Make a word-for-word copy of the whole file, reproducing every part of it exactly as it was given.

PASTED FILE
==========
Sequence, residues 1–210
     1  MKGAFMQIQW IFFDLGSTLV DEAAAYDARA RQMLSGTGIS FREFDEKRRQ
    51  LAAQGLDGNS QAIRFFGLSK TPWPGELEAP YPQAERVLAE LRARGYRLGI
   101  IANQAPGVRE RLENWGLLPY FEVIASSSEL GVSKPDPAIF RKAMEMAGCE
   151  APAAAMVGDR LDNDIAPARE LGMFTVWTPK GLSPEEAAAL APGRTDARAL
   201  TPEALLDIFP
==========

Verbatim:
Sequence, residues 1–210
     1  MKGAFMQIQW IFFDLGSTLV DEAAAYDARA RQMLSGTGIS FREFDEKRRQ
    51  LAAQGLDGNS QAIRFFGLSK TPWPGELEAP YPQAERVLAE LRARGYRLGI
   101  IANQAPGVRE RLENWGLLPY FEVIASSSEL GVSKPDPAIF RKAMEMAGCE
   151  APAAAMVGDR LDNDIAPARE LGMFTVWTPK GLSPEEAAAL APGRTDARAL
   201  TPEALLDIFP